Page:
Current Dog Feeding Strategy & Tactics

In Pets by Steve Sliwa

As proactive dog owners, we are constantly learning about pet care.  Back in the day we started with high-end, grocery store food and gradually went through premium kibble, super-premium kibble, grain-free super-premium dog food, and grain-free,super-premium kibble augmented with human-grade veggies or protein.  The latest push in pet feeding strategies is balanced, fresh, raw food. We did some experiments with this as well.

Some of the things that have impacted our current strategy and tactics are:

  • Kibble food was originally optimized for making it easy to pick up poop and to utilize the grain resources to which the pet food companies had access.
  • Super-premium dog foods include nutrients and probiotics (to help digestion).
  • Raw food or thawed frozen raw food can readily spoil and as it spoils it creates feeding and handling hazards.
  • Raw food is hard to transport on trips.
  • Raw food recipes are challenging to balance for nutrition.
  • My previous pups became hard to feed near end-of-life.  I wanted to make sure that my new pups were fully omnivorous and would readily eat a variety of foods.  Most dog food strategies tend to be find something that works and stick to it.
  • Feeding time is one of the most enjoyable times for dogs.
  • Dogs have a tremendous sense of smell.
  • We have a dog scale to monitor weights so we can adjust portions based upon targets, exercise, and feeding plans.  Example scale:  link

Based upon these we tend to have fun prepping meals for our dogs now:

Our base food is freeze-dried food from the Simple Food Project.  We generally start with one scoop of this food.  If this is the only food we have with us we will use two scoops (to calibrate on calories).  They normally recommend moistening.  We usually add at least as much water as food.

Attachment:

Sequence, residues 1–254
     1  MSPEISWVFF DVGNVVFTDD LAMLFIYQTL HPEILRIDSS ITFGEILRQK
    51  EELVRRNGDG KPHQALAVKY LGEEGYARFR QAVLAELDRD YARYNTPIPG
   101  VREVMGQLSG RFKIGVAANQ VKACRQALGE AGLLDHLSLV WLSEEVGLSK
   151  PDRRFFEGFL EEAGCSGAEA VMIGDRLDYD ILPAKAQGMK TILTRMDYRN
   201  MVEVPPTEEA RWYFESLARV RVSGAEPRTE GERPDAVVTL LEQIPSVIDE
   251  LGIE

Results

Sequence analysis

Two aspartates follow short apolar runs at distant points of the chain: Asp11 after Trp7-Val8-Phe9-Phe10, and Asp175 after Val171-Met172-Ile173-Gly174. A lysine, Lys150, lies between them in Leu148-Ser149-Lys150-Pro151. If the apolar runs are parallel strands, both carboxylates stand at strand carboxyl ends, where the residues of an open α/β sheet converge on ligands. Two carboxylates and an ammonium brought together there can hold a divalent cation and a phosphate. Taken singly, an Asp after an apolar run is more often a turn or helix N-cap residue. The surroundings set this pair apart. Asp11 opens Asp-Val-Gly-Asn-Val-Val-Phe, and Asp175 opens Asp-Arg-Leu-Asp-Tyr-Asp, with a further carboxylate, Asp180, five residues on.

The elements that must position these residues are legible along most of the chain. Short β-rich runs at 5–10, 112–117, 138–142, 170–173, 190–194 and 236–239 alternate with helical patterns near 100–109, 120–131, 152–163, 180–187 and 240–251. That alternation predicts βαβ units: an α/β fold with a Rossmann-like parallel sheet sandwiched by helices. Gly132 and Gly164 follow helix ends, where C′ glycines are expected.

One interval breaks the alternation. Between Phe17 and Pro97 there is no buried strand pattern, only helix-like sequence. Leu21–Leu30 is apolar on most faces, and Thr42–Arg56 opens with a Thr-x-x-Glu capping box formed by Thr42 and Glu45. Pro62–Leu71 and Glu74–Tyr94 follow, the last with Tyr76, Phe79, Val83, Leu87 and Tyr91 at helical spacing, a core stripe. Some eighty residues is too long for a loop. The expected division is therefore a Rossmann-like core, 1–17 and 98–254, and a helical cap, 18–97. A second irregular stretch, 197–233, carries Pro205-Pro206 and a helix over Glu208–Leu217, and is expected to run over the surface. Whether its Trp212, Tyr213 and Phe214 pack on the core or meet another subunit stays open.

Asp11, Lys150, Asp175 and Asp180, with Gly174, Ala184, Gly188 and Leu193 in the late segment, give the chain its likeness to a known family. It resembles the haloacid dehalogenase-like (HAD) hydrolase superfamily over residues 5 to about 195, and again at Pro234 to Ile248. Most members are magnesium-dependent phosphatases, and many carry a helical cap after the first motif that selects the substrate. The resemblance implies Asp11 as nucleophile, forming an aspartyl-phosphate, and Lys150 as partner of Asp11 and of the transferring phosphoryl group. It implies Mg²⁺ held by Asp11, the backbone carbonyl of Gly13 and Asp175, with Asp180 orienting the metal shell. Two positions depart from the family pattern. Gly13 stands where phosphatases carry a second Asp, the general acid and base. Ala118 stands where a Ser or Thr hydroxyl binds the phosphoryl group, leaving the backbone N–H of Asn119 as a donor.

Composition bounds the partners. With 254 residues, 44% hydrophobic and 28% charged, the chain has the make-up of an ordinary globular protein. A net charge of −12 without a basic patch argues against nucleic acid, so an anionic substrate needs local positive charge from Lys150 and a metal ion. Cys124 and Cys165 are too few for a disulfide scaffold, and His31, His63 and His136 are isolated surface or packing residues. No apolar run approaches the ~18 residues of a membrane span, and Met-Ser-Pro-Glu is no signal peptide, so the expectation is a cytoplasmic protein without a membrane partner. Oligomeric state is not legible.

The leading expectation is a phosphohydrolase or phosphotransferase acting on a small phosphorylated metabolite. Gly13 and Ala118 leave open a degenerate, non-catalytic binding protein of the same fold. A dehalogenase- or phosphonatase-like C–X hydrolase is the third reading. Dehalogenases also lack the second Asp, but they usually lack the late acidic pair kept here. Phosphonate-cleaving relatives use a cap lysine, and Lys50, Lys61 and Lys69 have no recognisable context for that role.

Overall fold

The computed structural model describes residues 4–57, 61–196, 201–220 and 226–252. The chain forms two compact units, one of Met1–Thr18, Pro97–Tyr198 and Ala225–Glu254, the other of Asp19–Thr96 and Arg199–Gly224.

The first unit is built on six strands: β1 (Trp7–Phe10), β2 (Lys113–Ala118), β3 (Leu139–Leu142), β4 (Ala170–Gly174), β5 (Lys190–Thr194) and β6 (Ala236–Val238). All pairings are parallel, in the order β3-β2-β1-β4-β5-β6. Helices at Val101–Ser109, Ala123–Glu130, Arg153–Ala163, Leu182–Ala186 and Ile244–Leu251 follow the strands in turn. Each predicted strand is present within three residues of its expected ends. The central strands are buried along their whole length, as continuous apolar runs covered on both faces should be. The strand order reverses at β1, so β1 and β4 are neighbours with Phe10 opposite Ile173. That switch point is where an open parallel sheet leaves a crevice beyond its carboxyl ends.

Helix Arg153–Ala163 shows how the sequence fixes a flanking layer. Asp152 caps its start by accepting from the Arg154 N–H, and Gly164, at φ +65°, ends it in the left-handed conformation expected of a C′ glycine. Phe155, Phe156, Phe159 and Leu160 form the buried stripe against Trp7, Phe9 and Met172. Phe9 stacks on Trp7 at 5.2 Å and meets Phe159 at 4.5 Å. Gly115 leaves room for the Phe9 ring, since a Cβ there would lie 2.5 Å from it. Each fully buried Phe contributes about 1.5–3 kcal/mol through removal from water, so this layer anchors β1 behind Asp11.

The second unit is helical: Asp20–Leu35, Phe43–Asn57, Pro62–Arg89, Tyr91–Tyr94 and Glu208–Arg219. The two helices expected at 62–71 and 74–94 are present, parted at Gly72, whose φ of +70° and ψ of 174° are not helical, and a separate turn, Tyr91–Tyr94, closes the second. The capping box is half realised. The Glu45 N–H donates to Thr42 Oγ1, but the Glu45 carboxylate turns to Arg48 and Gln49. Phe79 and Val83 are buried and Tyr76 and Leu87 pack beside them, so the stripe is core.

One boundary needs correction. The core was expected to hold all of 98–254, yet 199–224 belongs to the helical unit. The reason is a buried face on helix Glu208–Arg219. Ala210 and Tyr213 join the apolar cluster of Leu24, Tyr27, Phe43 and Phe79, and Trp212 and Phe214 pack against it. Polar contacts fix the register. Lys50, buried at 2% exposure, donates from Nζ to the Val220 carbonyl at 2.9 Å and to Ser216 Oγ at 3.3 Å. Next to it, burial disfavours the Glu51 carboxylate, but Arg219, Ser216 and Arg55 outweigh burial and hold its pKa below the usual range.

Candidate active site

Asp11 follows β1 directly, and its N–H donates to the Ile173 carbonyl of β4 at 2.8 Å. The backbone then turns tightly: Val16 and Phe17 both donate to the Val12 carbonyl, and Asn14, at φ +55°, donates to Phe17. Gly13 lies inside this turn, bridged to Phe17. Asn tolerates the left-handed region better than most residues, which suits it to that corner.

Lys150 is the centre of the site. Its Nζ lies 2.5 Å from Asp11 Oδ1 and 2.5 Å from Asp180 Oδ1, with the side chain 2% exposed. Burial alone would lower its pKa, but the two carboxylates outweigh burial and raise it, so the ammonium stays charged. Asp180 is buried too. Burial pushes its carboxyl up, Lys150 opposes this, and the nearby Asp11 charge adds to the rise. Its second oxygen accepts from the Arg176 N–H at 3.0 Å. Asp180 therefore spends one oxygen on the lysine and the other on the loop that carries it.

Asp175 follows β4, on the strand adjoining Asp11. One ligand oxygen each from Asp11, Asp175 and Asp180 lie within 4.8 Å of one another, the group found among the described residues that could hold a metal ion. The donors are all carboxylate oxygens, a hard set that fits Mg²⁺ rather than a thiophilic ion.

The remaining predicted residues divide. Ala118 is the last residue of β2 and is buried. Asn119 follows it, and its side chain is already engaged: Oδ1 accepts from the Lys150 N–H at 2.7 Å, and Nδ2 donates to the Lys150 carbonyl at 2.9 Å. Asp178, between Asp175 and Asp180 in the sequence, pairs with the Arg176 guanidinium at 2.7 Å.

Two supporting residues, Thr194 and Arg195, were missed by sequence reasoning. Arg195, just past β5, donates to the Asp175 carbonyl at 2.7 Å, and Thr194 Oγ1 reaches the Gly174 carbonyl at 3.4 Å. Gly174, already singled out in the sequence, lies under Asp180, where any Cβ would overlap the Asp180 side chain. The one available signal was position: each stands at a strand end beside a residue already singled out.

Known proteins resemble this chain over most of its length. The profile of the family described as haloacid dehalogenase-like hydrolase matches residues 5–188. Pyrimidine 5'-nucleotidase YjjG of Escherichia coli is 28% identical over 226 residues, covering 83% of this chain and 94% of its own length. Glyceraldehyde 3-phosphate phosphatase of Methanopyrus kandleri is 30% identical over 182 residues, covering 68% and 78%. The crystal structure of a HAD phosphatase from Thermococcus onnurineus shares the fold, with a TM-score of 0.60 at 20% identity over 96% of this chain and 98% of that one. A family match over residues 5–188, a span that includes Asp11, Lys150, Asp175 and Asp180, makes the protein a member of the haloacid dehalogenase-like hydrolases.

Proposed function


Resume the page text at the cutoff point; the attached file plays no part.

Here is a write-up describing this food comparing it with normal kibble:

Fresh food is of course one of the healthiest options for your pet, but it’s not always affordable or time-efficient. Many pet food brands are moving toward freeze-dried dog food and dehydrated products to provide solutions that are both healthy and convenient. Freeze-drying retains nearly 100% of the natural nutrients in foods, almost as good as eating it raw!

Here is a link to their description of the food production process: link

Our dogs love this food by itself and wolf it down in fluids while on travel.  But we are loving dog parents and we supplement the food with other things for flavor and ingredient diversity, which has been shown to contribute to health.  So we add some other pet foods or human foods to the meal.  We don’t do this all of the time and we rotate for diversity for health and training to be omnivores.

Sometimes I break up freeze-dried food from the following sources and add it to their bowls before adding water:

  • Primal Freeze-Dried Nuggets:  Turkey & Sardine
  • Stella & Chewy’s Freeze-Dried Patties:  Surf ‘N Turf (Salmon & Beef); Remarkable Red Meat Recipe


Generally, we add a spoonful of pumpkin to the food as a good source of fiber to help with digestion and regularity:

Although we add water to the level of the freeze-dried food, we like to add flavor to the water so we splash in the following at most meals (note is low sodium):

At about 50% of the meals, we will add in some canned, human-grade protein for taste, variety, and quality.  We are careful to pick low-sodium versions and I really like sardines since they are young and tend to not accumulate as many toxins such as mercury.  These are low salt sardines, salmon, tuna, and chicken.

We also have been known to add some veggies, fruit, or rice to the meals for variety.  Rice and pumpkin are especially helpful for clearing out digestion problems, diarrhea, etc.

We also usually add supplements to the meals and/or use them as treats.  Here are ones that are part of the normal stable:  multi-vitamin, probiotics, cranberry for UTI, and taurine (heart problems that have shown up with grain-free diets for some unknown reason).


I use these treats as rewards for coming in quickly after being called.  I have them trained to catch them when I throw them up.  They are so small I usually give 3 per dog per reward.

When I do lots of walking on asphalt with the dogs, I am concerned about their feet/pads.  I have found using coatings developed by mushers help.  I like this one because it’s like applying a lip balm.


We also brush the dogs’ teeth once or twice every week.  Here is the toothpaste we prefer:

We generally also give them bully sticks or frozen beef marrow bones from the grocery store as mid-day treats or when we are about to leave them home alone.

Here are their favorite toys (squeaker balls and Duckworth duck):



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